Thursday, April 16, 2009

Houston, We have a problem.

Apollo 13 ranks up there as one of my favorite movies. I like it because of the team work and problem solving that are involved. It is just so amazing what people can do when they really have to do it. Often times, this movie comes to mind when I'm sitting at the round table with my co-workers and we hash out a plan of attack for a software modification or how to fight one of the fires that inevitably ignites. I imagine us throwing all the pieces we have available to us with the challenge - - "This is what they have, build an air filter."

I learned a lot of problem solving and management skills while volunteering in restoration at the National Museum of the Marine Corps. If you need someone to take a helicopter apart or unlock rusted brakes on a soviet tank - - I may have some ideas. I have learned how to improvise, like the Marines in Restoration often did because they didn't have something they needed to get the job done, but the job needed to get done never the less. I think I've been able to apply those lessons to my day job.

Throw me onto a computer system I've never used before - - I can figure it out. While I don't know how to code, I value my teammates who do and who, over the course of the past two years, somehow understand me and my input to things. So often we have had those moments of "This is what you have to work with, and this is what it needs to do, do it." Sometimes it seemed impossible. I was thinking about that this afternoon. What a privilege it has been for me to work on this system and be a part of it all. How improbable it has been for me to be here doing what I do. After all, I got Ds in my accounting and computer systems classes. I have the realization that God does show his strength and power through our weaknesses. I shouldn't be here doing what I do and be successful at it. Yet, here I am.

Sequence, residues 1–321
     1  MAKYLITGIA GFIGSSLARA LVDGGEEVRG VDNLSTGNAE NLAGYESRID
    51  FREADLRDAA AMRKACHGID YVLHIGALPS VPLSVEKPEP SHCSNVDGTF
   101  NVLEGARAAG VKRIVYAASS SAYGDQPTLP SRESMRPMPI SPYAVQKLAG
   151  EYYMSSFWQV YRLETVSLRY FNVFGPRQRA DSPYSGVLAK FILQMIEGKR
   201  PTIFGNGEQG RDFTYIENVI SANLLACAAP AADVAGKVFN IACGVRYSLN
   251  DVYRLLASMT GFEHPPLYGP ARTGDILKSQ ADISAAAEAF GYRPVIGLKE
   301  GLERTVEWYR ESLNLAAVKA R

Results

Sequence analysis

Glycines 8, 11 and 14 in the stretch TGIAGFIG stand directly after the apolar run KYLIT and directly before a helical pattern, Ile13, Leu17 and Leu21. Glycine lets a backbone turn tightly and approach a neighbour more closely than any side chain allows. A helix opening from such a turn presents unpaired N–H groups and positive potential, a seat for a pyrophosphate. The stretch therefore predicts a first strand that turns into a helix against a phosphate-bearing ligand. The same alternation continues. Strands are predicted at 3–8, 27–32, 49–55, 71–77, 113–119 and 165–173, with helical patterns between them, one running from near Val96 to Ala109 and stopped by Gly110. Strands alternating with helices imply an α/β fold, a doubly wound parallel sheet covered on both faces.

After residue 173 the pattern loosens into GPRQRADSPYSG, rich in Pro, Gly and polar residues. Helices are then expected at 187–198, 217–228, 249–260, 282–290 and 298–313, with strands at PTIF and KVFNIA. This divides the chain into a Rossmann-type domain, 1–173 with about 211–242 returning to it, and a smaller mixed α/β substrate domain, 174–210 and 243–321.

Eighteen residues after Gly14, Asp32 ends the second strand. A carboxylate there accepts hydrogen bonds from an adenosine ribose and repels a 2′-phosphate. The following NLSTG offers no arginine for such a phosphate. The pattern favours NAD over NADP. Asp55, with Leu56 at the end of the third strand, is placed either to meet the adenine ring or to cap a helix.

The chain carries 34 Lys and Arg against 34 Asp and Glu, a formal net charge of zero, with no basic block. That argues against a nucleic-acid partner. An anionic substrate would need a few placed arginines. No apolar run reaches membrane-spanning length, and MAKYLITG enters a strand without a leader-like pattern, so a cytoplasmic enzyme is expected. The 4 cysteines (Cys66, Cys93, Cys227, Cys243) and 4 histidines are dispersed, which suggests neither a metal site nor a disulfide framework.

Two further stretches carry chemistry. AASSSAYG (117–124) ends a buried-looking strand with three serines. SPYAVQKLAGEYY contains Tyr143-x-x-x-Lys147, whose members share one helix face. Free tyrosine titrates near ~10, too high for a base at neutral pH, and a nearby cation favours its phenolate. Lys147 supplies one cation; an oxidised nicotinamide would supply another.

We survived the software modification from hell. If ever there could seem to be an evil force just wanting to prevent this thing from happening. It sure seemed like it was upon us.

Of course, as we began to run the processes in production, something blew up. There was no reason we should have gotten the error, but we were able to isolate the issue and were in business within half an hour. All of the parties to this task work in different parts of the building so we often communicate through IM. We had a group chat going (btw, I will NEVER attempt to set up a group chat ever again - -every time I do, I end up inviting everyone in the whole department, yes, hundreds of people - - material for another blog) But anyway, we figure out the problem and I go and jinx us by IMing, "This just can't be easy can it". The entire IM server crashed!

Holy dark side of the moon, Batman!

We couldn't communicate with each other. Frantically I tried to re-connect and got my tech lead who calmly replies, "ya, the server must have crashed." But within two minutes it was back up again -- like having traveled to the dark side of the moon.

After that things went smoothly and the processing results turned out as expected. I can not tell you how happy I am about this fix and that it is FINALLY done. For now.